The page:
Earlier today, I was at Super Target in Durham. Like any female, I’m pre-programmed to absolutely love Target. I love smelling all the candles, going through the clearance, and marveling over all of the various kinds of crackers.
But I have grown to detest the one closest to my house.
It’s too big, there’s too many people, and I always feel like years have been taken off my life upon exiting the store.
For 10 minutes today, I was in the body wash aisle, trying to decide which one to get. I scanned through the labels – every type posed a question.
Do I have sensitive skin, or not? What’s the difference between a $3 bottle of body wash and $7? And what do micro beads do, anyway?
It was kind of overwhelming. Even if you figure all of that out, you still need to pick from 20 different scents. Do I want mountain sparkle tree? Lavender vanilla delight? EXOTIC FRUIT SALAD?!
Which one REALLY captures the essence of Melissa?
(Admittedly, I made all of those scents up, but they probably exist.)
Besides me, a mother was helping her teenage son pick out deodorant. She read through the various scents, prompting him to choose one. His face was expressionless.
It was frustrating to hear. This kid couldn’t care less about deodorant, and probably would have been happy with anything. But his Mom wanted him to choose between 10 different manly scents.
I was tempted to sweep all of the bottles of body wash off the shelf, grab him by the collar and exclaim,
“WHAT’S IT GOING TO BE, CHRIS?! DO YOU WANT YOUR ARMPITS TO SMELL LIKE AUSTRALIA OR NOT?”
Although it would have been undeserved and ridiculous, I also wanted to tell his mother that she was the reason men can’t make up their minds about anything.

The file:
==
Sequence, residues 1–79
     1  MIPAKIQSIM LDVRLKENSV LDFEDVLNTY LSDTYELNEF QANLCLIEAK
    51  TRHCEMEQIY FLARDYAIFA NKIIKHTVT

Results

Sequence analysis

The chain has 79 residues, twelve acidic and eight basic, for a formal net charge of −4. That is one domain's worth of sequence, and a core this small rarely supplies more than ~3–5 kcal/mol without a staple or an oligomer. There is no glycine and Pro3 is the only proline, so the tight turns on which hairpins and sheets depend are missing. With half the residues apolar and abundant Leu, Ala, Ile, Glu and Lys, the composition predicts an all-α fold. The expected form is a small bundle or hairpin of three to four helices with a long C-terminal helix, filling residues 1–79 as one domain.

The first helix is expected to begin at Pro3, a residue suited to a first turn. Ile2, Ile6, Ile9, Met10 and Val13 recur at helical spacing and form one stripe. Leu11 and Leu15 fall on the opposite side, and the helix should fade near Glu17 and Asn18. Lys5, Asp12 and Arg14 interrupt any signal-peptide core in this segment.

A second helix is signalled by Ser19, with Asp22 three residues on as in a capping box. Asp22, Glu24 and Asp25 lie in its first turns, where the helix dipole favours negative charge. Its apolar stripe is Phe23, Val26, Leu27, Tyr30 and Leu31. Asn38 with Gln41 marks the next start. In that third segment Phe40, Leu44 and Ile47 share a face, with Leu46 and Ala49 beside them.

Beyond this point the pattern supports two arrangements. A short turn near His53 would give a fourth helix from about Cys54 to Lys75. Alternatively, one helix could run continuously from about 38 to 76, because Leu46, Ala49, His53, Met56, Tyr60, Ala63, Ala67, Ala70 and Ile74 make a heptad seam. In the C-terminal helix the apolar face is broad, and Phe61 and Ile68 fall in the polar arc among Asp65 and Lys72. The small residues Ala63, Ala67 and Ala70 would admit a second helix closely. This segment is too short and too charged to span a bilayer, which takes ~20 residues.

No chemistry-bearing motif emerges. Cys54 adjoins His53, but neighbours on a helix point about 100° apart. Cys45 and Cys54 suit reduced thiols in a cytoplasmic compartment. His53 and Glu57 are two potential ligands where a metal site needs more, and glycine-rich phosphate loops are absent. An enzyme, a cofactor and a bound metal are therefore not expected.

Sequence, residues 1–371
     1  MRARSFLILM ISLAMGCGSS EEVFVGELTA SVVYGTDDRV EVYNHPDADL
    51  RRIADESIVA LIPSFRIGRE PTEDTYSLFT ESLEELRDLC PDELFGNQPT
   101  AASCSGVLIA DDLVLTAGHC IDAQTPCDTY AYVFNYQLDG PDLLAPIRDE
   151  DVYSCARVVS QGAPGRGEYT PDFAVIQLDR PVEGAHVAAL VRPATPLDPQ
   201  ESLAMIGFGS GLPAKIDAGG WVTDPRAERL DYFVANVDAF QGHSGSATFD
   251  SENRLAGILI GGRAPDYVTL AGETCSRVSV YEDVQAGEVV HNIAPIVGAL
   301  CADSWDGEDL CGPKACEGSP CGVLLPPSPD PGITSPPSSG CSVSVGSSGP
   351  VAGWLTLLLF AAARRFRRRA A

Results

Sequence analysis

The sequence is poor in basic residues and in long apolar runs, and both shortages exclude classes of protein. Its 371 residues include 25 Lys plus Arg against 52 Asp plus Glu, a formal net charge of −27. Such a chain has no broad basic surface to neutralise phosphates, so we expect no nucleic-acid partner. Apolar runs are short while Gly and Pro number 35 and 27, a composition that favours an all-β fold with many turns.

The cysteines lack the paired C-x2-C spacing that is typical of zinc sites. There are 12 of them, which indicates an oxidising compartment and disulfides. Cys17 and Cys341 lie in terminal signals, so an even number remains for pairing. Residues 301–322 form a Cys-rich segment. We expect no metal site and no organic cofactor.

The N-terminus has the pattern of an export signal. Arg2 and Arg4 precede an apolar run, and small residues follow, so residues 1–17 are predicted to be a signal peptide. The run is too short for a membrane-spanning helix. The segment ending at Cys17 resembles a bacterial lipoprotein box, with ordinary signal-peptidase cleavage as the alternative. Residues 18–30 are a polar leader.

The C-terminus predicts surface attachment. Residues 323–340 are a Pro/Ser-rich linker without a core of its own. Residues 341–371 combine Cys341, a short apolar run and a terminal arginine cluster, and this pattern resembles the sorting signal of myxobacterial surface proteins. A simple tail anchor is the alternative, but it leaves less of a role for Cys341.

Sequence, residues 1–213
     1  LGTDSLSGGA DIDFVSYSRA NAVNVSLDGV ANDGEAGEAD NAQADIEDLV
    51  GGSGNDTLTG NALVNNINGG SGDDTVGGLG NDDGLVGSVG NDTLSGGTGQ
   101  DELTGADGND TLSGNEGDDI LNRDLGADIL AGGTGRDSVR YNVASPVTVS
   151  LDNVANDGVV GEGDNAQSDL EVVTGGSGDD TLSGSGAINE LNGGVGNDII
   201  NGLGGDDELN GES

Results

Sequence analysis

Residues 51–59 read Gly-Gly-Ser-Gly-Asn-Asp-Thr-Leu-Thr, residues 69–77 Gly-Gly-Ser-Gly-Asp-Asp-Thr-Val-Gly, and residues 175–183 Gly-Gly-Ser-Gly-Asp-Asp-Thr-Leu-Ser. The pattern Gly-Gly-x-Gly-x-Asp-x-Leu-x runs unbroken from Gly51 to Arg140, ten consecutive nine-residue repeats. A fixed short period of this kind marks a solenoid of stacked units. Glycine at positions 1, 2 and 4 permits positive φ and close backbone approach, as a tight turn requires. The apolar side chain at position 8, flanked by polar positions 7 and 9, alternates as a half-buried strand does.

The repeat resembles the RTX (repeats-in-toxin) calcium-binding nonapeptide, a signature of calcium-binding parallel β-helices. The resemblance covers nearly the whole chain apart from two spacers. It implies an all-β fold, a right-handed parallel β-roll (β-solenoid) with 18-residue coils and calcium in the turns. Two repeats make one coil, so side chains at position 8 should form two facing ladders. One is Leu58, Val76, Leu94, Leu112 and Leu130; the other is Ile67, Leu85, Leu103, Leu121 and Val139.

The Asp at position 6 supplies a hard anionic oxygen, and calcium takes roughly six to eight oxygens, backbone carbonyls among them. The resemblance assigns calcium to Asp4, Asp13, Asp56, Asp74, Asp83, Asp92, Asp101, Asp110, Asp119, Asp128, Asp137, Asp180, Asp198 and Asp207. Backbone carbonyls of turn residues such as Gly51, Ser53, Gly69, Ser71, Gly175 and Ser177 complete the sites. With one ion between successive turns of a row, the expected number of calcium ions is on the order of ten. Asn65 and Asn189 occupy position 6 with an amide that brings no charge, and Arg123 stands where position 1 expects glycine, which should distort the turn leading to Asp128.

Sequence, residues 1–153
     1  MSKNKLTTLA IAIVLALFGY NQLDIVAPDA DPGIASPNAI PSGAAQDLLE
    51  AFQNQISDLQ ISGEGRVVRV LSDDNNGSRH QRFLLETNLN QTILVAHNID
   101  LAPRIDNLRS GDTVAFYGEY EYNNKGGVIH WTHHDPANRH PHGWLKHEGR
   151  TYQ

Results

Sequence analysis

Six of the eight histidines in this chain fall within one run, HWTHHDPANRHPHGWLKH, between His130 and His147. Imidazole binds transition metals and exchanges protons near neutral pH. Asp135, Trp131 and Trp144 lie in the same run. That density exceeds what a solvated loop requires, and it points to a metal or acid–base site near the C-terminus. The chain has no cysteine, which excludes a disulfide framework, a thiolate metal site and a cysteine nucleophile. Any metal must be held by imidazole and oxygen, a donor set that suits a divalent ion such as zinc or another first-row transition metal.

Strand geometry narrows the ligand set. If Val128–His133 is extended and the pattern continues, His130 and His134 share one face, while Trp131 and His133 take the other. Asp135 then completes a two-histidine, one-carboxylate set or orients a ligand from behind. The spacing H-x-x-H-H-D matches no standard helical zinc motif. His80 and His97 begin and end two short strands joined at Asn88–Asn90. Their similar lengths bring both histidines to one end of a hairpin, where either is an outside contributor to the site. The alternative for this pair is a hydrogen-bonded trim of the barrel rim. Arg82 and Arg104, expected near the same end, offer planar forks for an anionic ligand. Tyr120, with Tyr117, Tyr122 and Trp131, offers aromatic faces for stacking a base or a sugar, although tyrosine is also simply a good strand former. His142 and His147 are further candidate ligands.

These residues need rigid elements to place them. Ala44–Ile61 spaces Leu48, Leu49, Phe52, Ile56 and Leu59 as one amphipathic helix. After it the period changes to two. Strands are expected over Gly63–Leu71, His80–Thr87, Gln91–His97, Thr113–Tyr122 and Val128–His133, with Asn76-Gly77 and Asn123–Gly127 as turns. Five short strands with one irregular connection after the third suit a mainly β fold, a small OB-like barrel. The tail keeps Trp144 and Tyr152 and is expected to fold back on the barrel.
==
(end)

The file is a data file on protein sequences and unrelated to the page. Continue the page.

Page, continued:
But I digress.
I was already frustrated. It took me almost twenty minutes to get coffee because the girl in front of me had to ask the barista a million questions about the different specialty drinks.
I had to search through racks and racks of over-dazzled, plaid, and patterned shirts just to find a simple white t-shirt.
At checkout, I had to pick from 10 different payment options, opt out of getting cash, and got furiously beeped at because my debit card has a chip, not a swipe.
It’s not Target, though. It’s over-choice. And it exists everywhere.
As I get older, I really start to feel that there’s something burdening about having so many choices. It may sound strange coming from me, the queen of “you can do whatever you want!”, but our society is so accustomed to choices, we feel we are entitled to them.
At any given retailer, people can choose from any combination of granola, chocolate chips, sugar, and unicorn magic in cereal, breakfast bar, or trail mix form. It causes people to lose all self-awareness and get fooled into thinking they need a Keurig, along with 20 varieties of k-cups.
It’s ironic, because statistically, you’re more likely to make a poor choice when you have too many. A Psychology Today article, “The Burden of Choice”, sums this up very well. It discusses the danger of over-choice, citing Barry Schwartz, author of The Paradox of Choice.
Schwartz claims that inevitably, the more options there are, the decreased chance that you will make a good one. Plus once a choice is made, “we are told that better choices exist”, and we become unhappy with what we have.